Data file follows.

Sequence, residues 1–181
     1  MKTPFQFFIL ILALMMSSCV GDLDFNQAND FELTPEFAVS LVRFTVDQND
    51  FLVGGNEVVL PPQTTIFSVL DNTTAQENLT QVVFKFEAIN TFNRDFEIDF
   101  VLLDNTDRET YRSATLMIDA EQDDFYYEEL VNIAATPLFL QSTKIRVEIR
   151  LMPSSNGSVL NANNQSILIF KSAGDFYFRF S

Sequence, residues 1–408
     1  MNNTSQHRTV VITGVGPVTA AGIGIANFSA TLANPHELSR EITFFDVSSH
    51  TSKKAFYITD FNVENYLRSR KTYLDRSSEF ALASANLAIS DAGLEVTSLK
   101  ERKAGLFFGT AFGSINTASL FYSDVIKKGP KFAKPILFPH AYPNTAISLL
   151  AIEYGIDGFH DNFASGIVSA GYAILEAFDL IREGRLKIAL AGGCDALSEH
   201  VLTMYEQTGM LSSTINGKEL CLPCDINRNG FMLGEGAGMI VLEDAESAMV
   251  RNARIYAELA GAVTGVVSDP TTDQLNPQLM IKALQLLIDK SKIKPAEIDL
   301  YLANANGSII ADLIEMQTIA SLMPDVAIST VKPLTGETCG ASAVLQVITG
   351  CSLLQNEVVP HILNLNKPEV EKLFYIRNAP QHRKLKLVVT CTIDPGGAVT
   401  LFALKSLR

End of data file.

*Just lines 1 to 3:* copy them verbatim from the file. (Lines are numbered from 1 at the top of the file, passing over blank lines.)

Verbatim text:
Sequence, residues 1–181
     1  MKTPFQFFIL ILALMMSSCV GDLDFNQAND FELTPEFAVS LVRFTVDQND
    51  FLVGGNEVVL PPQTTIFSVL DNTTAQENLT QVVFKFEAIN TFNRDFEIDF